- The last verse of "99 Red Balloons" by Nena describes the city the song took place in, only after the nuclear holocaust, from the viewpoint of the girl remembering what had happened.
- Jimi Hendrix's "1983...A Merman I Should Turn To Be" from Electric Ladyland has the protagonist and his lover turn into merfolk and dive to the bottom of the ocean to escape a nuclear holocaust.
- The Decemberists song "After the Bombs" follows two lovers in such a world.
- The second and third verse of Neil Young's song "After The Gold Rush" describes the physical world and humanity's attempt to rebuild respectively after the end.
Look at mother nature on the run in the 20th centuryWe got Mother Nature on the run in the 20th century.
- Metallica also had to get in on the action. Ladies and gentlemen, Blackened.
Smouldering decayTake her breath awayMillions of our yearsIn minutes disappears
- Judas Priest's "Cathedral Spires" from Jugulator is about mankind in post-apocalyptic world waiting to die in the titular structure.
- "Come Away Melinda", perhaps this trope's most understated yet touching example.
- Edge of Sanity's song "Crimson" takes place in a post-apocalyptic Earth where humans can no longer breed.
- Deltron 3030's self-titled concept album focuses on a post-apocalyptic world.
- Black Sabbath's song "Electric Funeral" from Paranoid portrays a struggle for survival on a post-nuclear Earth.
- Gotye's music video for Eyes Wide Open shows a band of strange, thin limbed creatures wandering Earth, starting with the aftermath of a nuclear war and going back in time to the beginning of life on Earth.
- Masaki Yamada's EZO song Fire Fire is the world after a nuclear holocaust.
- Hawkwind: "Who's Gonna Win the War" and "Damnation Alley" (the latter based on the Roger Zelazny novel).
- Then there's Hawkwind soundalikes Underground Zero, whose song "Atomchild" seems to be set in a post-apocalyptic future (though it's really hard to make out the words and there's no lyric sheet).
- Steely Dan's King of the World, not very clear, but can be interpreted as such.
- Michael Moorcock's album The New World's Fair (featuring members of Hawkwind) seems to be based on this trope. Its cover depicts a funfair in the distance with a "Danger - Radiation" sign in the foreground.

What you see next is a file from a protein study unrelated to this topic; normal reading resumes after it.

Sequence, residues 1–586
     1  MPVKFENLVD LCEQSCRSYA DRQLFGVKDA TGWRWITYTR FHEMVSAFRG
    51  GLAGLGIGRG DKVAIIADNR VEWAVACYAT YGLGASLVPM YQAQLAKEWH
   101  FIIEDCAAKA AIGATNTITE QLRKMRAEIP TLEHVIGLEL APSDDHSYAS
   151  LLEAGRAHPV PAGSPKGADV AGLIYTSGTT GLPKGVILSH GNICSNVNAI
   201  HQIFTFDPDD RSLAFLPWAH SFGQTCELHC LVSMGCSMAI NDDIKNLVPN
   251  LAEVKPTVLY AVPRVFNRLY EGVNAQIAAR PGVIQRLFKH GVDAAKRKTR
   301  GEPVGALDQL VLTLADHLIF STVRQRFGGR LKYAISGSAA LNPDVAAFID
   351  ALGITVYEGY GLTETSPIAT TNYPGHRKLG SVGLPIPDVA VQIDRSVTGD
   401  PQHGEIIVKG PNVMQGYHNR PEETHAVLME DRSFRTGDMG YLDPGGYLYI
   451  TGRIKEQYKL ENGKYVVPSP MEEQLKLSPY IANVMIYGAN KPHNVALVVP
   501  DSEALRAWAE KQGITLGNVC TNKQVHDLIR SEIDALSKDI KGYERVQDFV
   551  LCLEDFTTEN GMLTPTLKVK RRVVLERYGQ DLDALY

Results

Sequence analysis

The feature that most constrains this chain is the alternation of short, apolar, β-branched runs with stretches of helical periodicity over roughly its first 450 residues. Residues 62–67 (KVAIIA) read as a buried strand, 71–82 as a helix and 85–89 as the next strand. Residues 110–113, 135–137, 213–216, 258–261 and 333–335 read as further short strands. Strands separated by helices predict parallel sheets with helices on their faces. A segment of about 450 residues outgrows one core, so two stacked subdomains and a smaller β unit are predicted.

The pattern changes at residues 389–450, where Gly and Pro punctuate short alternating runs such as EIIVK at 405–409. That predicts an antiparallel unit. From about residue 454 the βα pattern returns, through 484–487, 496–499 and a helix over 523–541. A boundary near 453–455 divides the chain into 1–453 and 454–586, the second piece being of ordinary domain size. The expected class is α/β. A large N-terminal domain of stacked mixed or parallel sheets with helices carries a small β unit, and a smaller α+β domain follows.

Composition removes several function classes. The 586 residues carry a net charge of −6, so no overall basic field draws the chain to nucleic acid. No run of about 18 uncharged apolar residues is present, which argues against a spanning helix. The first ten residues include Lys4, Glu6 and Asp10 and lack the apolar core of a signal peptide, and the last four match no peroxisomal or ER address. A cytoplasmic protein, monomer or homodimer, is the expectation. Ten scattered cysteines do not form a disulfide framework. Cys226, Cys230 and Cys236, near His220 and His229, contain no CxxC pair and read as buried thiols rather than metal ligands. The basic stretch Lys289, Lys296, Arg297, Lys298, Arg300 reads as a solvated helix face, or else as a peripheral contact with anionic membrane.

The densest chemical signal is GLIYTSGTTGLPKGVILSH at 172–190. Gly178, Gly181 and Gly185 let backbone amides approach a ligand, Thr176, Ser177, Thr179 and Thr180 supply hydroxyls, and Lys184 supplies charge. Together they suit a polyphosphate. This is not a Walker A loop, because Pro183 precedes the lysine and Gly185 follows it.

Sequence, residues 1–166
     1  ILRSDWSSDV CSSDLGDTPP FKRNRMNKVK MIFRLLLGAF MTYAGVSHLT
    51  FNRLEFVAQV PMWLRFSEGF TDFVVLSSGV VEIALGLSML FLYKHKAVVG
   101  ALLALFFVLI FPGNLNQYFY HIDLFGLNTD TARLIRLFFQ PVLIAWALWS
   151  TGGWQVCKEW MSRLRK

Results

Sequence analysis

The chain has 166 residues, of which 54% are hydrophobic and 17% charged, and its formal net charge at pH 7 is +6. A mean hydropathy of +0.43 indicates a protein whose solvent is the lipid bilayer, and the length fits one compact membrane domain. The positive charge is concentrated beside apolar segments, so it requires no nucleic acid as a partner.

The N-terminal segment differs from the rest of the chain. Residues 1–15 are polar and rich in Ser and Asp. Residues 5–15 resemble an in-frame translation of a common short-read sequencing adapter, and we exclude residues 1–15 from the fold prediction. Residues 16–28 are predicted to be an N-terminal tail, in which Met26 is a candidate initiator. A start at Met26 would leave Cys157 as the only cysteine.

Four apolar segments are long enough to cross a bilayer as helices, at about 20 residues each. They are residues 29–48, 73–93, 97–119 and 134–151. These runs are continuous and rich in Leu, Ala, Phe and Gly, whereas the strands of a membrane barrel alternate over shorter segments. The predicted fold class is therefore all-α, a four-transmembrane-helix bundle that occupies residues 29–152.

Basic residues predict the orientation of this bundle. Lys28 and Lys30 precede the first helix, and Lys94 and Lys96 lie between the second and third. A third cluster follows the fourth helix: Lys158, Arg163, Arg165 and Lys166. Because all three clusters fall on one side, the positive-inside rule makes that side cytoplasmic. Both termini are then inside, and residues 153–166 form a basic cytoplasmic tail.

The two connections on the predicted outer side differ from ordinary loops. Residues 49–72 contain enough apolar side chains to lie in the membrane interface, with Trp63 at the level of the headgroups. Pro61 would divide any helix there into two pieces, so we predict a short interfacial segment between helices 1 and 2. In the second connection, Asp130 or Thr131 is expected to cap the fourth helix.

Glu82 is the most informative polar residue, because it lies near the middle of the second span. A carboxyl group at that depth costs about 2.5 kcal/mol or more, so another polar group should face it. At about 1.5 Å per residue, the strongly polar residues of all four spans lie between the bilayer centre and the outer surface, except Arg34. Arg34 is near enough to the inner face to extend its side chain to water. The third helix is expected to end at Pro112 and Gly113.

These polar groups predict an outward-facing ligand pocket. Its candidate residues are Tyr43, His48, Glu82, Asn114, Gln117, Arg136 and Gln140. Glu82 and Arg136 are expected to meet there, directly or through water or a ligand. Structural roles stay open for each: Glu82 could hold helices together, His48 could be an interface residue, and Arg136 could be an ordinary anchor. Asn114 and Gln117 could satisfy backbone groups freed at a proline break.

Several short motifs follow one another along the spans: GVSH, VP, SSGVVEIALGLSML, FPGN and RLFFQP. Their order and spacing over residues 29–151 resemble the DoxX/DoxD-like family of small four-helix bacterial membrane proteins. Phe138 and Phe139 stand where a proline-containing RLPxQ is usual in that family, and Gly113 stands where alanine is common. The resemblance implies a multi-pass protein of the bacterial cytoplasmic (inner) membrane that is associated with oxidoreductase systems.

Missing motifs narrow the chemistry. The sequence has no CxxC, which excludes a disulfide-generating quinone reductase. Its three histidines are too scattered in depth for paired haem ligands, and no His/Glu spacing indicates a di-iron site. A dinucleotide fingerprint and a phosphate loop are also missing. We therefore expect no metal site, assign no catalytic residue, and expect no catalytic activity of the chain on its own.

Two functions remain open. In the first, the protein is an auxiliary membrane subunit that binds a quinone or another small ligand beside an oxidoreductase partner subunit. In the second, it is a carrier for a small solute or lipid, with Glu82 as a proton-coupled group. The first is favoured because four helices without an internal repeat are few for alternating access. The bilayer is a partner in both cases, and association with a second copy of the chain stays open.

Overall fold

- I Nomadi and Francesco Guccini, "Noi non ci saremo" ("We won't be there"), spends only the first verse on the presumably thermonuclear extinction of mankind; the rest of the song is bleakly optimistic (life recovers, and Earth will be better without us). A far cry from the juvenile destruction porn of some heavy metal bands.
- The Talking Heads song "(Nothing But) Flowers" takes place years after humanity has given up technology and now lives as hunter-gatherers while the surrounding architecture rots away. The singer becomes increasingly irritated by the lack of modern conveniences and reminisces about life before the end.
- Stereolab's "One Small Step"
From the sky would fall an incessant rain of bombsWe had nowhere to go but retreat undergroundOur ground had been peppered with loads of minesGrowing our food was a risk at any time
- The Imagine Dragons song "Radioactive" alludes to a nuclear apocalypse. The music video for "It's Time" shows the band traversing a desolate wasteland (which somewhat resembles San Francisco).
- Akiko Shikata's song Replicare is about someone wandering in a destroyed world, condemned to relive eternally the fall of mankind in his mind and be tormented by the cries of despair of the dead. The Apocalypse itself is narrated between the verses in Ominous Italian Chanting.
Unable to catch any of the lamentations that pour down
I stand there, petrified
The smashed up world scatters in the middle of silence
As blue flames overwhelm it